A retirement income card for single women – InsuranceNewsNet
You’ll need a retirement income plan that supports the lifestyle you envision – and that minimizes the risk of outliving your savings.
I hope you have saved and invested over time and are looking to see if you have saved enough money or if you still need to save more.
To be sure, you will need to know three things:
how many years you need to fund,
what it will cost you to live each year, and
what will be your sources of income.
Let’s see how to do this.
We all dream of living to a ripe old age. But the longer you live, the more assets you’ll need to fund all those years.
There are two sides to the calculation of longevity. The first is when you retire and the second is how long you will live. You can control the first, but not the second. So let’s look at one at a time.
When you retire. The day you stop working and receive your last salary, you move from the “accumulation” phase to the “spending” phase. Suddenly, the flexibility to save a little more or work a little longer ends, and your basic nest egg is set. The focus is on how you spend your money and manage it, generating as much income as possible (after taxes).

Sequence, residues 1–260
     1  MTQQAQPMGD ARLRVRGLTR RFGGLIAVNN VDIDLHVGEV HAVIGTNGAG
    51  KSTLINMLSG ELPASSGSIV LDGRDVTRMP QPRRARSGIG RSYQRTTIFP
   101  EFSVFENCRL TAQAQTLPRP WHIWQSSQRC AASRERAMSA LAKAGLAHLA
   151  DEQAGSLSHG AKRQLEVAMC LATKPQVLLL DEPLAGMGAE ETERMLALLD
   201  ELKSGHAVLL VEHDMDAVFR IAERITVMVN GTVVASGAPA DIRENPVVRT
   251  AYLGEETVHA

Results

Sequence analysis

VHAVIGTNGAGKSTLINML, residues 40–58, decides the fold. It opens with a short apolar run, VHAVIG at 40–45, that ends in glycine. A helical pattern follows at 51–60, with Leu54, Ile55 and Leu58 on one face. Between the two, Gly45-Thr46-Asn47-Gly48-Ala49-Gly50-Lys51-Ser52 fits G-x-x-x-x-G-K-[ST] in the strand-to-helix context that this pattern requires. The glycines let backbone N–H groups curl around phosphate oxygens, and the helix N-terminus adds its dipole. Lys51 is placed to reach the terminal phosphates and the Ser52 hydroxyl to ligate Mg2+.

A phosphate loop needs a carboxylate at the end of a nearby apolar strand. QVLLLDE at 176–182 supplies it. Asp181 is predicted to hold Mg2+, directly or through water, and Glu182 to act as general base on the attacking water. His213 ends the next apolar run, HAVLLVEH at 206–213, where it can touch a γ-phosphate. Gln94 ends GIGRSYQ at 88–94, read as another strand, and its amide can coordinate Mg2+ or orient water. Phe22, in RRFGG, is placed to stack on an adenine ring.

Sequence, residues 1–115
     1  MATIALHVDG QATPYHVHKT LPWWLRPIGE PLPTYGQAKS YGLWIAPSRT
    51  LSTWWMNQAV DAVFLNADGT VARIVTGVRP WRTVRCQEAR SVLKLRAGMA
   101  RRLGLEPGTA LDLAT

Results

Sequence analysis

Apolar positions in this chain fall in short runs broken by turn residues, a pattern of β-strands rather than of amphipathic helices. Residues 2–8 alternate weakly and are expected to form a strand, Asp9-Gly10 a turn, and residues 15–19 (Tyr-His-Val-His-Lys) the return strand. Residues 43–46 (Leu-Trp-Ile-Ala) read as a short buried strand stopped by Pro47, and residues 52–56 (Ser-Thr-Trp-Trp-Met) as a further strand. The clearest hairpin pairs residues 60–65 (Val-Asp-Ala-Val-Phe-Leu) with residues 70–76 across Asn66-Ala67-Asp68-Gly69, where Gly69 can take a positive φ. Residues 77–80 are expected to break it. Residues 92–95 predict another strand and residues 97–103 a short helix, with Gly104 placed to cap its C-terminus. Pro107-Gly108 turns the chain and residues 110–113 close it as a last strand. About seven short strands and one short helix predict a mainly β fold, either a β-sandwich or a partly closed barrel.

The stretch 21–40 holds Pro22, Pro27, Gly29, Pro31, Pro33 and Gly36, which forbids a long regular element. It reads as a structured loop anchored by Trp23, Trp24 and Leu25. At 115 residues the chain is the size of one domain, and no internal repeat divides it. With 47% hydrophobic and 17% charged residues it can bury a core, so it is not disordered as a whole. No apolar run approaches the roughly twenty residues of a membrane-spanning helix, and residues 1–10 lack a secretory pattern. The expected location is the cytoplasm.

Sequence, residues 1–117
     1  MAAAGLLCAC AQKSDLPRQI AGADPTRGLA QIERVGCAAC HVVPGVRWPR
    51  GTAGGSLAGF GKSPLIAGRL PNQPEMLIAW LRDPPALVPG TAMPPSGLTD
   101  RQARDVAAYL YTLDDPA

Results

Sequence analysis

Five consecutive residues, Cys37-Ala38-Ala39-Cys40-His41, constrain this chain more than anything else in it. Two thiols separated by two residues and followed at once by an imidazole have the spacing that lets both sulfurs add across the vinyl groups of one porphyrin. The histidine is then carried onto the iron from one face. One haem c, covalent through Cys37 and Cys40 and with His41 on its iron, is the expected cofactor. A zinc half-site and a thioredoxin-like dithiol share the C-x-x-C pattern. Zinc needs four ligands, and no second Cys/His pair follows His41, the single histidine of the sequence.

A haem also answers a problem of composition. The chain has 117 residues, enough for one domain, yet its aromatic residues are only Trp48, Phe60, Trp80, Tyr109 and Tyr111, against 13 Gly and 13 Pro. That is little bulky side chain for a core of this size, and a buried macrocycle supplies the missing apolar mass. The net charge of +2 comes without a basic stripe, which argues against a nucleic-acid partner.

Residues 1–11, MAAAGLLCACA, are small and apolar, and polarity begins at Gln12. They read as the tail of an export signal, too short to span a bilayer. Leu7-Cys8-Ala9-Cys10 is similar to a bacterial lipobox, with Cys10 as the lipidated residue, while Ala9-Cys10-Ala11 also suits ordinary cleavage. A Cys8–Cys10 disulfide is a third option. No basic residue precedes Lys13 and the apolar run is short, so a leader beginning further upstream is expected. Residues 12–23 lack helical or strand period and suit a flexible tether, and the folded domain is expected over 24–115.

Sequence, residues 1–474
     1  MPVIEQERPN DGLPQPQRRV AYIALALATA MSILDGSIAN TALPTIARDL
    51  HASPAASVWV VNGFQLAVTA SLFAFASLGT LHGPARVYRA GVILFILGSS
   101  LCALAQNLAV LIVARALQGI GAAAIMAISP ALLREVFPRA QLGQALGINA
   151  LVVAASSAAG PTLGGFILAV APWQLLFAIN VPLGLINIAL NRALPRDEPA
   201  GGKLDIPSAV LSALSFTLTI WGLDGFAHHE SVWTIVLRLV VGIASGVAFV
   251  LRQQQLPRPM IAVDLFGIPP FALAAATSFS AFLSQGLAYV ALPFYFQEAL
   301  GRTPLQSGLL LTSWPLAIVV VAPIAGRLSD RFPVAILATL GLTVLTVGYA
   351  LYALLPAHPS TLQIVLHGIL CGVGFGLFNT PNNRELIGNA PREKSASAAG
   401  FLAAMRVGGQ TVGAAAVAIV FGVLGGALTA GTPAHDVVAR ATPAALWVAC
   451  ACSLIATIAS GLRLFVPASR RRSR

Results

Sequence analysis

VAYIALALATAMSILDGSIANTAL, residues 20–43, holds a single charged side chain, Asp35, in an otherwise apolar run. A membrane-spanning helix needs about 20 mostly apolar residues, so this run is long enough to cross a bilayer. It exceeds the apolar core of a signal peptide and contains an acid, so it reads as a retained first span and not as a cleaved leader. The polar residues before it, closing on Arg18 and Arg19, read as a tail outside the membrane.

Each year you delay your retirement, that’s one less year you have to finance. But there are also other advantages to delaying:
You can continue to build tax-deferred funds in your IRAs and workplace 401(k) plans or continue to fund your pension.
Working until you reach Medicare age at 65 means you won’t have to worry about being uninsured.
Each year after age 62 that you delay receiving Social Security increases your retirement benefit significantly, especially if you wait for the maximum at age 70.
How long do you live. Estimating your life expectancy using government statistics or life insurance charts gives you exactly that: estimates. And you don’t want to be on the wrong side of that estimate.
The Social Security Administration website has a Longevity Visualizer app that shows a woman born in 1956, age 65 today, is expected to live to age 87. But she also has a 10% chance of living past age 98. Every time you work with estimates and averages, you could live less – or more. But how much more?
Logically, if you have the resources, the safest thing is to plan to finance as many years as you can live. But, as life expectancy increases, you could finance beyond 100 years.